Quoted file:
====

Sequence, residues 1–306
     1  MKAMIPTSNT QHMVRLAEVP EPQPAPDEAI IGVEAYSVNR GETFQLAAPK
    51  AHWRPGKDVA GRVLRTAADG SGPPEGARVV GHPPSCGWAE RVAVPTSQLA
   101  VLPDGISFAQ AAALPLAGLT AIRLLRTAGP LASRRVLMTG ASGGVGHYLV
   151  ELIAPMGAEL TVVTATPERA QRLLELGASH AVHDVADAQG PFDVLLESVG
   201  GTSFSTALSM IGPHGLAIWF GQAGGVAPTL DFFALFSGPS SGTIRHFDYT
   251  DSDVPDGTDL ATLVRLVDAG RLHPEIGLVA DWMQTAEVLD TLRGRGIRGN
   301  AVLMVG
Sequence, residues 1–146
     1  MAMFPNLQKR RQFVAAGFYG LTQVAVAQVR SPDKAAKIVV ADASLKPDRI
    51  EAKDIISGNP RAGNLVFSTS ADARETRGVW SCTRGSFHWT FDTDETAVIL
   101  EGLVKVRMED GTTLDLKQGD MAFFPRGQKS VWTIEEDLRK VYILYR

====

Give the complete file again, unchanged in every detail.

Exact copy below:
Sequence, residues 1–306
     1  MKAMIPTSNT QHMVRLAEVP EPQPAPDEAI IGVEAYSVNR GETFQLAAPK
    51  AHWRPGKDVA GRVLRTAADG SGPPEGARVV GHPPSCGWAE RVAVPTSQLA
   101  VLPDGISFAQ AAALPLAGLT AIRLLRTAGP LASRRVLMTG ASGGVGHYLV
   151  ELIAPMGAEL TVVTATPERA QRLLELGASH AVHDVADAQG PFDVLLESVG
   201  GTSFSTALSM IGPHGLAIWF GQAGGVAPTL DFFALFSGPS SGTIRHFDYT
   251  DSDVPDGTDL ATLVRLVDAG RLHPEIGLVA DWMQTAEVLD TLRGRGIRGN
   301  AVLMVG
Sequence, residues 1–146
     1  MAMFPNLQKR RQFVAAGFYG LTQVAVAQVR SPDKAAKIVV ADASLKPDRI
    51  EAKDIISGNP RAGNLVFSTS ADARETRGVW SCTRGSFHWT FDTDETAVIL
   101  EGLVKVRMED GTTLDLKQGD MAFFPRGQKS VWTIEEDLRK VYILYR